5.4.2 Policy implications 116
REFERENCES 118
APPENDICES 153
3.1 Composition of the questionnaire 54
3.2 Method to calculate the level of participation, empowerment and
well-being
56
3.4 Assessment of normality test 60
3.5 Confirmatory Factor Analysis for (CFA) for construct validity 62
3.6 Correlations of factors 65
3.7 Tools and techniques used for the analysis of objectives 70
3.8 Various level of effects on size of mediation 72
4.1 Demographic background of respondents 74
4.2 Socio-economic background 77
4.6 Overall mean score of participation 86
4.7 Level of capacity building 88
4.8 Level of self-esteem 90
4.9 Level of self-efficacy 91
4.10 Summary of level of empowerment 92
4.11 Level of material living conditions 95
4.12 Level of quality of life 96
4.13 Level of human solidarity 98
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4.15 Summary of level of well-being 101
4.16 Factors affecting in participation 103
4.17 Regression weight of construct variables with their latent 106
4.18 Regression weight in the hypothesized path model 107
4.19 Regression weight in the hypothesized path model 109
4.20 4.20: 4.20 Standardized effect of participation on well-being 110
4.21 Significance level of empowerment as mediating variable 110
4.22 Mediation effect size of empowerment on well-being 111
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1.1 Conceptual research framework 21
3.1 Map of Pakistan showing project districts of Sindh province 50
3.2 Flowchart showing multi stage sampling method 53
3.3 Correlations of participation components 66
3.4 Correlations of empowerment components 66
3.5 Correlations of well-being components 67
3.6 Measurement Model of the Study 69
4.1 Structural Equation Model of Participation, Empowerment and
Well-being
105
API Agriculture Policy Institute
AVE Average Variance Extracted
CFA Confirmatory Factor Analysis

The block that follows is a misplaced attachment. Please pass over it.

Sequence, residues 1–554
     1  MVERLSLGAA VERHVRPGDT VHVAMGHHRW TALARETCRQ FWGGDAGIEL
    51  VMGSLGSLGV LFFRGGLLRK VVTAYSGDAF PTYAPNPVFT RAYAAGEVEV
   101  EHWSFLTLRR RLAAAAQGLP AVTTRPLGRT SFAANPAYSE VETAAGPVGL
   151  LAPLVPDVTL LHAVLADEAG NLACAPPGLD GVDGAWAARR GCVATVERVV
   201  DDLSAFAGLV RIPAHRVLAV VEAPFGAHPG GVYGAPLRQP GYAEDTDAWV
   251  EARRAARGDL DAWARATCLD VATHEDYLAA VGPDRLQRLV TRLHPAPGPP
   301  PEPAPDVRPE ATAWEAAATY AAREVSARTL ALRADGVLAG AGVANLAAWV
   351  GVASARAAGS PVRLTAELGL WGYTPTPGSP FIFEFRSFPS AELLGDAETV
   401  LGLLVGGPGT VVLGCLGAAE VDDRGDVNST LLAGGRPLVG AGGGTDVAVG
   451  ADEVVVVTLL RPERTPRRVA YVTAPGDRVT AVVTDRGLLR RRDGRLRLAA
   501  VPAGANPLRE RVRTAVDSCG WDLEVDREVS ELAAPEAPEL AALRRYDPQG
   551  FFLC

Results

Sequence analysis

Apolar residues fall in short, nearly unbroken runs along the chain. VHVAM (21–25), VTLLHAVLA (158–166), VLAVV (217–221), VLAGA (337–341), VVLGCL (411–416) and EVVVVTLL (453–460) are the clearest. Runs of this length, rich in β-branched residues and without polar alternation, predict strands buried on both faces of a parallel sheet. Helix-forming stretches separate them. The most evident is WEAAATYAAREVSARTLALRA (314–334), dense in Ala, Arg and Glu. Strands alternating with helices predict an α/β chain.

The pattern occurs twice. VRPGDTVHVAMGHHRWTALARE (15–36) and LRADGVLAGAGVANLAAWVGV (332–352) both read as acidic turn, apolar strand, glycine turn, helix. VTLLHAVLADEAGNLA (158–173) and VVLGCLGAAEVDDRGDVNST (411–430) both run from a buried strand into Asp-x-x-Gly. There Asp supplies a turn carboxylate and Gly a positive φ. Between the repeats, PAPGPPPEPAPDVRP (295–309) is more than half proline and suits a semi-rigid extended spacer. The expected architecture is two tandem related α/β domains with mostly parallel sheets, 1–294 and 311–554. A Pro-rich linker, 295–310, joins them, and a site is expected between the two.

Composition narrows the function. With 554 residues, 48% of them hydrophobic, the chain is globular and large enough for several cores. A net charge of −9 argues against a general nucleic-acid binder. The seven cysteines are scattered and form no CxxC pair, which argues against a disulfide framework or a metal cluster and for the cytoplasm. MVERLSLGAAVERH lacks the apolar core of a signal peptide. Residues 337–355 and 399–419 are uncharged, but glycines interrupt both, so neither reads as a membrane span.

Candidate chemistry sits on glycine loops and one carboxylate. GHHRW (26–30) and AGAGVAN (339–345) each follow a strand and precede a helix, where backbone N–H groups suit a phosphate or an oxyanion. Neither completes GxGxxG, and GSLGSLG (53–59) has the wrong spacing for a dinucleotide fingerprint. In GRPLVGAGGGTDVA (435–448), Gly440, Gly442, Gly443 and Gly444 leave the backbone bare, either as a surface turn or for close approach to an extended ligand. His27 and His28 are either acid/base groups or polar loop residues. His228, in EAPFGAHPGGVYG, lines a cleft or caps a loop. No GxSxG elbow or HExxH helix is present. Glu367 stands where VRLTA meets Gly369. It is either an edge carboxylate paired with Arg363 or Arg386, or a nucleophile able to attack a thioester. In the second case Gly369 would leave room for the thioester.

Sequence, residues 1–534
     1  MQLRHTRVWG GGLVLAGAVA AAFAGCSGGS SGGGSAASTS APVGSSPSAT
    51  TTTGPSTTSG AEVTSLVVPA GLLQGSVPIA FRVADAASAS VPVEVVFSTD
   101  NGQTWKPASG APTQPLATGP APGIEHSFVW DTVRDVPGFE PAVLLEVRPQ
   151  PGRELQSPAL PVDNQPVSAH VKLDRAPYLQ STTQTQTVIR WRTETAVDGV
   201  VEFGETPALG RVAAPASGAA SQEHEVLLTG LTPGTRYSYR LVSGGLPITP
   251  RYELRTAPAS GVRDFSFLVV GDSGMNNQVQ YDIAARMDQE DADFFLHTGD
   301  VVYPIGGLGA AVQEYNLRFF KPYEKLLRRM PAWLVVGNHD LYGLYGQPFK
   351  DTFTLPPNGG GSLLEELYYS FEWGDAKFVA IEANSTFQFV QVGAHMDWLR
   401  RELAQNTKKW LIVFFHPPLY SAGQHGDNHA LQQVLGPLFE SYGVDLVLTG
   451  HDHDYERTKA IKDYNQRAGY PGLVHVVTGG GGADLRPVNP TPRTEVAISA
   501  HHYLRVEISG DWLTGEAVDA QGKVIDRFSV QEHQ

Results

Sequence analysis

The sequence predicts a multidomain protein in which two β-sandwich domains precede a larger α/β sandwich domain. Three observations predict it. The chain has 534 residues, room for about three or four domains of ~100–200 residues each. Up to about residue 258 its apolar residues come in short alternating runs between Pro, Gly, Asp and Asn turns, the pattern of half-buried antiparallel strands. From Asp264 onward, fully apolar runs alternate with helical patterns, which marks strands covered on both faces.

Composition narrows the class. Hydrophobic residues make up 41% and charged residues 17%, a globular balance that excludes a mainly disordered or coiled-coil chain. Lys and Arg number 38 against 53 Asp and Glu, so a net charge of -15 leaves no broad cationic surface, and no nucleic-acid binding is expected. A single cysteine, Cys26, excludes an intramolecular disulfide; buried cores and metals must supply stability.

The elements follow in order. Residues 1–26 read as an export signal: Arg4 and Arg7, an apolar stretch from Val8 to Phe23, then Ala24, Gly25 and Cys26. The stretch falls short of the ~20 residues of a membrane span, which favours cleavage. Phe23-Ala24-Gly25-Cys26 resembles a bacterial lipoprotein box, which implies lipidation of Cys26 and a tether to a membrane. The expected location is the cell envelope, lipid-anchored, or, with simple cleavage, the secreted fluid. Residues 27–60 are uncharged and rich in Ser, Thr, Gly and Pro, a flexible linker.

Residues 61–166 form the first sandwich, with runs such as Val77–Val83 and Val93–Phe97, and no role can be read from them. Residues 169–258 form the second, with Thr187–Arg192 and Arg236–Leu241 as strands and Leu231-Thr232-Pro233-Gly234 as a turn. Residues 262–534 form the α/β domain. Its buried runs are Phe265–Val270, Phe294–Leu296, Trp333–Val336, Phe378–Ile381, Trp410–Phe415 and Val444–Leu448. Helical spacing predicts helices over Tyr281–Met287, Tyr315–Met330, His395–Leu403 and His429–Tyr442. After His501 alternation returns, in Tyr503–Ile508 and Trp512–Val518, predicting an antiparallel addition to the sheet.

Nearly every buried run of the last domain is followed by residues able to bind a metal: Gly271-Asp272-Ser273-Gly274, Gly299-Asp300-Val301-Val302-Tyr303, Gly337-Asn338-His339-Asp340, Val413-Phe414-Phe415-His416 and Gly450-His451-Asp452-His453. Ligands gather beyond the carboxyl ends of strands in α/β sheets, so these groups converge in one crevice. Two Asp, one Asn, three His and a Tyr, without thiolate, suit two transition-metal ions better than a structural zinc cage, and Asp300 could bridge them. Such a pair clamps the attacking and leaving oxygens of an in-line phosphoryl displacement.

CFI Comparative Fit Index
CMPII Crop Maximisation Project phase II
FAO Food and Agriculture Organisation
FFS Farmers Field Schools
IFI Incremental Index of Fit
ILO International Labour Organization
NGOs Non Governmental Organisations
PRHS Pakistan Rural Household Survey
PSLM Pakistan Social and Living Standards Measurement Survey
RMSEA Root Mean Square Error of Approximation
SCOPE Society for Conservation and Protection of the Environment
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WFP World Food Programme
AND WELL-BEING AMONG SMALL FARMERS OF SINDH PROVINCE,
PAKISTAN
1.1 Introduction
The introductory chapter one contains the background of the study, problem statement,
the research questions, the research objectives, the conceptual framework, conceptual
and operational definitions of used terms, theoretical framework, significance of the
study, scope and limitations of the study and organization of the study.
1.2 Background of the study
The population of Pakistan in the year 2014 was 188.02 m, whereas the urban rural
distribution was 72.50 m and 115.52 m respectively (Economic survey of Pakistan,
2014). The significant majority of 67.5 % Pakistan’s population lives in remote rural
areas and is connected with agricultural based activities for their livelihood (GoP,
2012). Pakistan is in the low Human Development Index (HDI) at 146 out of 187
countries in the year 2014 and 44.2 % of households lives in multi-dimensional
poverty (UNDP, 2014). In Pakistan, poverty has been higher in rural areas 38.65 % as
compared to urban areas having 22.39 % and the majority of these are the small
farmers (Sabir et al., 2006). The most affected community from poverty in rural areas
is the small farmers, who have limited livestock ownership and land (IFAD, 2011).
Being a Third World country, Pakistan is facing lack of education, food shortages and
also suffering from shelter and health facilities (Yasmeen et al., 2011). Food insecurity
is a common phenomenon and it is increasing day by day in rural areas of Pakistan
(Bashir et al., 2010). The majority of the farmers are illiterate, deprived, excluded and
marginalized. There are 42 million children between the age of 5-19 days old those do
not go to school and one third of the population is living below the poverty line (living
on less than one US $ per day) (Australian Aid, 2010). The health conditions of rural
communities are not satisfactory because less health facilities especially in Sindh
province. It has been reported that there are 1,099 persons per doctor and 1,647
persons per hospital bed (PSLSM, 2011-12). In general, in rural areas, water supply
and sanitation are as follows: only 14 % of population has facility to avail tap water,
42 % hand pump, 32 % motor pump, 4 % dug well and 8 % for others, respectively.
For the type of toilet; 58 % have house hold flush, 14 % have non-flush toilets and 27
% have no toilet. The type of sanitation system; 3 % underground drain, 3 % covered
drain, 45 % open drain and 49 % no system (PSLSM, 2011-12).